* * *
The day F086 left le Laboratoire was the happiest day of my life to date. Of course anything which makes mon père, le salaud Docteur Sebastien, that upset is a good thing in my books. F086 is the one girl he least wants to let go, but she's also the one he promised to some city mercenary in exchange for a series of errands.
I've lived in le Laboratoire du Genome as long as there's been a le Laboratoire. Which is to say not quite as long as I've been alive, although I don't remember our home before this. Before the death of ma mère and the beginning of this insane experiment of Sebastien's. But, having lived here as long as I can remember, I know everyone else who lives and works here. Same as I know every crack and cranny of both sides of the complex.
So to pass by the records room and see someone dressed as Docteur Pierre, who is clearly not Docteur Pierre, tells me we have an intruder. Moreover, this intruder is so engrossed in whatever he is reading he doesn't seem to notice me creeping up on him
“What do you think?” The realtor parks at the curb in front of a neat white house with deep green trim. The front yard is equally neat, with bright flowerbeds and a low, white fence.
Keith and Beth glance at each other, then at their two children. Their daughter, Bethany, is gazing around wide eyed. Their son, Kevin, is absorbed in his handheld video game and doesn't appear to notice anything.
“It's very nice,” Beth can't quite suppress her enthusiasm, “But what's the inside like?”
“Just as nice,” The realtor assures her, “Come look.”
All five get out of the vehicle and pass through the front gate. The realtor unlocks the door and ushers the family inside.
The main floor consists of a living room, den, dining room, and kitchen. All the rooms are empty, clean, and brightly painted. One set of stairs leads up to a second floor with two good size bedrooms, a large bathroom, and a master suite including a bathroom and gigantic closet. A second set of stairs leads down to a finished basement divided into a rec room, workshop, laundry room, and storage.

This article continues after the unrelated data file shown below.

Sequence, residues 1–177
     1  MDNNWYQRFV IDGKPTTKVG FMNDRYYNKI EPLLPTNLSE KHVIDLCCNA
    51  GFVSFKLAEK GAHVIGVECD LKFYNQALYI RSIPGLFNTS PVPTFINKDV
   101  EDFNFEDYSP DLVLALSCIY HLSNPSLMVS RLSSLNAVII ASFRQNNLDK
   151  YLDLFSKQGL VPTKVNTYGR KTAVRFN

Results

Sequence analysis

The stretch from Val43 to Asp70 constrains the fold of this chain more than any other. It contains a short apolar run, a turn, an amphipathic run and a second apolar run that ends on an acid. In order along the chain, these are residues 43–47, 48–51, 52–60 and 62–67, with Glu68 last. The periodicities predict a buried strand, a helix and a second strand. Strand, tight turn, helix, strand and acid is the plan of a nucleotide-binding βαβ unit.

The back door off the kitchen leads onto a neat, sturdy sundeck. Beyond it, there are several nice shade trees and a garden plot. The lawn itself is short, thick, and free of weeds. The fence is higher than in the front, but not so high Keith can't see the next door neighbour working in his garden.
The neighbour, a late middle aged man, seems to realize he is being watched, because he looks up.
“Hello.” Keith goes over to the fence.
“Thinking of buying?” The neighbour eases himself to his feet.
“Thinking of it.” Keith tries to sound non-committal.
“You won't find a safer neighbourhood anywhere,” The neighbour smiles proudly, “Best place in the world to raise kids.”
“Not many places come up vacant in these parts,” The neighbour continues, “No one wants to leave. This's as close to paradise as you'll get in this lifetime.”
“Keith!” Beth's voice comes from inside the house.
“Go on,” The neighbour smiles knowingly, “We'll be seeing more of each other.”
Keith nods politely and goes inside to find Beth leaning against a kitchen counter.
“Oh, honey, this's even better than I imagined,” She doesn't even try to contain her excitement, “I never thought a place like this could exist. It's perfect.”
“And safe,” The realtor adds from the doorway, “I could quote you the statistics, but you wouldn't believe them.”
“Nothing bad ever happens?” Skepticism dampens Beth's enthusiasm.
“I wouldn't quite go that far,” The realtor shakes his head, “Still, even vandalism is rare here. Break ins almost unheard of.”
“What about assault or homicide?” Keith demands.
“I've never heard of either here. And you'll find the neighbours haven't either.”
Beth glows visibly at the news.
“Dad!” Bethany comes racing into the room, “There're kids outside! Playing outside!”